The production features choreographer Edward Clug, EDM composer Thijs De Vlieger of NOISIA, digital designer Tobias Gremmler, the creator of the grotesque avatars that imitate, reflect and enrich Vishneva’s own movements, costume designer Bart Hess with futuristic suits with sensors and light artist Laurent Fort. The management and design of the production is by Nick Assunto, the digital avatar technology is by Fuse Factory, the design and programming of the lights is by Luis Pastor. In the credits, Perception Neuron, Noitom, L-Acoustics, Disguise, BlackTrax and Varilite are included as Technology Associates. The names of the substitute dancers Mi Deng and Nick Palmquist and the ten members of the dance corps in charge of assuming the roles of good and bad spirits, lovers and fanatics are also included.
We must recognize and admire Diana Vishneva’s work. Without the glamorous ambience and the descriptive music of a classical ballet with argument conceived as a stellar vehicle for a star, she gives herself completely to the unhurried stroke of poses and movements that has been established thinking about the limitations of the 3D digital avatars projected on the stage in real time instead of giving her the opportunity to gesticulate and create a detailed characterization. It is a work that imposes a physical execution of iron drawing from a dancer who cemented her fame as a luminous emancipated muse.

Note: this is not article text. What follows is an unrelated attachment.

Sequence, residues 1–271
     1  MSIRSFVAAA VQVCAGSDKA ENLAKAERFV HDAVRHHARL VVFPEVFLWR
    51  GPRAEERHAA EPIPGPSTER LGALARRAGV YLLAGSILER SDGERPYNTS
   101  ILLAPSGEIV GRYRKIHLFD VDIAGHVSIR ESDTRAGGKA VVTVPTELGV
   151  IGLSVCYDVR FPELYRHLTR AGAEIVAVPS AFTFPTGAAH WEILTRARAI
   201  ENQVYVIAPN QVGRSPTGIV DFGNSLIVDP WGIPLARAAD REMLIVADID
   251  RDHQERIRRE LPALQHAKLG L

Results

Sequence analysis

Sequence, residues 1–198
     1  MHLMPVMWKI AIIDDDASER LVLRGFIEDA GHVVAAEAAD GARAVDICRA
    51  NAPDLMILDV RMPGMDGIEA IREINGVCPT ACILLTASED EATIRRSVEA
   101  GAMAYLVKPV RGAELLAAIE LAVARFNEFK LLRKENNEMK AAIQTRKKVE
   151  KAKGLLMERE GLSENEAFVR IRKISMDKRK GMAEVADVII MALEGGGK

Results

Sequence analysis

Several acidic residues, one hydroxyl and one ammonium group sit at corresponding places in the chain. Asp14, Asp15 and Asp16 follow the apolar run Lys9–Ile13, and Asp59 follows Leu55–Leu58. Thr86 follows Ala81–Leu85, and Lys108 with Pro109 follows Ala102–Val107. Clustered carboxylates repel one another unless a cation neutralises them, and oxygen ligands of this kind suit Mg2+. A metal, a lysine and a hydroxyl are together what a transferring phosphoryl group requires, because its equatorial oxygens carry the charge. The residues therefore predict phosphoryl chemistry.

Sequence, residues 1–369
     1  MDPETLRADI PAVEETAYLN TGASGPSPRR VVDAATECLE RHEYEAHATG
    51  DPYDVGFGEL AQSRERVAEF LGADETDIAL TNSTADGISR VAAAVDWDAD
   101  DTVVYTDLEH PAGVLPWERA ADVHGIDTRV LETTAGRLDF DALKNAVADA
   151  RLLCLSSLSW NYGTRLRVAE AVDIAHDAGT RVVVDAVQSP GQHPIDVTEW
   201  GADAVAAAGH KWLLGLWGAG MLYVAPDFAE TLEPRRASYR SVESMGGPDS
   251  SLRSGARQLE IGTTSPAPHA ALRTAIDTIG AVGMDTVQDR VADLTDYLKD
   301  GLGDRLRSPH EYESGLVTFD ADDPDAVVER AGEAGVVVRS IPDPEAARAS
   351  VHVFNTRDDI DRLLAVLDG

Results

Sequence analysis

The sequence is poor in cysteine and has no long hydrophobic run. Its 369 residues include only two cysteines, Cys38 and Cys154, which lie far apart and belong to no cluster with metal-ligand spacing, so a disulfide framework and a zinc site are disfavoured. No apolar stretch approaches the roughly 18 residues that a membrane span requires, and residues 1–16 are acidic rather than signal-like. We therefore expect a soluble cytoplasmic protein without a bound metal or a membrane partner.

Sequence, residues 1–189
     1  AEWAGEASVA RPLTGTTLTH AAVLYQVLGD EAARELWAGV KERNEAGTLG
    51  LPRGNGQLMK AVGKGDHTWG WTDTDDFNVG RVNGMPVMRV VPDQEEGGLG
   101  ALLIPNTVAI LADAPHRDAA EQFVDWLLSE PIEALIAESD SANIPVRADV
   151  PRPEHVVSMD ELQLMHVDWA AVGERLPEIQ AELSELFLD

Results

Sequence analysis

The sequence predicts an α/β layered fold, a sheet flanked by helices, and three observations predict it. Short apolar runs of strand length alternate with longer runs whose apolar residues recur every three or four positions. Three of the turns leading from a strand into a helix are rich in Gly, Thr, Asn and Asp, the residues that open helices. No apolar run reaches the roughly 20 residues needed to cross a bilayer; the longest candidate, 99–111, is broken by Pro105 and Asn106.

Since its inception, dance has been associated with the worship of divinity and it hasn’t lost its ability to create mythical figures. Vishneva’s Avatars become the bodily manifestation of the dancer as deity of the contemporary dance. It is a moving experience to see Vishneva delivering her body and soul to the task of conquering a new and different creative territory. If watching Vishneva in SBD makes you feel that you are witnessing something special, it’s because you are witnessing something special. It’s that simple.
The article was translated from the original review published in Spanish by ARTBURST